Who says doctors don't make house calls?
In USA's light, escapist medical dramedy Royal Pains, Dr. Hank Lawson makes nothing but house calls. He's what is known as a "concierge doctor," a physician who brings quality health care right to your door with a smile—in return for a four-figure check, of course.
Not that Hank planned to practice his medicine in the well-to-do Hamptons—a near-mythical seaside land so littered with rich people that Fabergé eggs are sold by the dozen at the local QuikMart. Originally an emergency room doc in New York City, he was summarily banished for letting a wealthy man die under his care. Now operating under the umbrella of HankMed—the name being a brainstorm by Hank's brother and self-appointed CFO, Evan—Hank serves up the best medicine money can buy. Capable assistant Divya and awkward fellow doc Jeremiah round out the staff.
HankMed operates out of the guest house of Boris Kuester von Jurgens-Ratenicz—Hank's fabulously wealthy friend, benefactor and patient. But while you can take the doctor out of the ER, you can't take the ER out of the doctor. Between making house calls, Hank also cares for the resort's lesser-moneyed residents, often free of charge. It's a trope that makes Hank feel better about his day job … and it might remove a little guilt from viewers of this guilty pleasure of a show.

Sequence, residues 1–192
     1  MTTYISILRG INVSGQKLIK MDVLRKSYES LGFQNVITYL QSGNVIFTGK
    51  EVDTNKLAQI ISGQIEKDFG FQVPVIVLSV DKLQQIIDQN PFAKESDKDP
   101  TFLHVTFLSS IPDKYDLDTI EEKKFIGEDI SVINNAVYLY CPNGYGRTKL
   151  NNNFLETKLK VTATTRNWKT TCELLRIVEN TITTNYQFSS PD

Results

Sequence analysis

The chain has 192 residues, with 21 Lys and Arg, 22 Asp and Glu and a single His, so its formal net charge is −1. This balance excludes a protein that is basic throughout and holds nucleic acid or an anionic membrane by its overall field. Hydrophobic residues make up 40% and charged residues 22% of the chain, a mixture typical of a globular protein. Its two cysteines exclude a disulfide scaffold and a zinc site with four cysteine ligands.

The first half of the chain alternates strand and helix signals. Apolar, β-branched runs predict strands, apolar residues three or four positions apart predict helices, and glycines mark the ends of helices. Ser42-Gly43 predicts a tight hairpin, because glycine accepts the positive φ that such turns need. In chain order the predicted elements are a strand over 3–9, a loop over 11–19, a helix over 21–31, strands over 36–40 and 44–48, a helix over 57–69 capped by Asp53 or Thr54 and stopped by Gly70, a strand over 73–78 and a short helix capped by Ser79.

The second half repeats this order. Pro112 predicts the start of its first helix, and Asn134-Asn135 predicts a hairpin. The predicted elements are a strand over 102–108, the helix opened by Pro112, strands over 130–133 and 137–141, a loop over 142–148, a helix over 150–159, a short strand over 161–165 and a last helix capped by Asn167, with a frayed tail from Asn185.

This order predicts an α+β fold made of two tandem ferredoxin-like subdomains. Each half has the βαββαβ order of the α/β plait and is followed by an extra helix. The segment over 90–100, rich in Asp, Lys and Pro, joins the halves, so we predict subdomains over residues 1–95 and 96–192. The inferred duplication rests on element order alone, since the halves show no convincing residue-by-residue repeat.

Royal Pains is one pinch House, three dashes Magnum, P.I. and a whole sloshing bucket load of summer escapism. It's as deep as a light sunburn, as provocative as a sensible winter coat. But at least there aren't any dismemberments, right? No nudity. No f- or s-words. The Hamptons may be just 200 miles from Ocean City, N.J., but Royal Pains is light-years away from Jersey Shore.
That's not the complete picture, though. Bikini-clad women have infiltrated the Hamptons like fire ants, and sexual innuendo can occasionally mar the dialogue. Unmarried couples are sometimes shown in bed together. Certain intimate scenes can be suggestive and sultry, if not out-and-out salacious. And occasionally, Hank doesn't just make clever diagnoses: He sometimes plunges into a graphically rendered medical procedure right on the spot.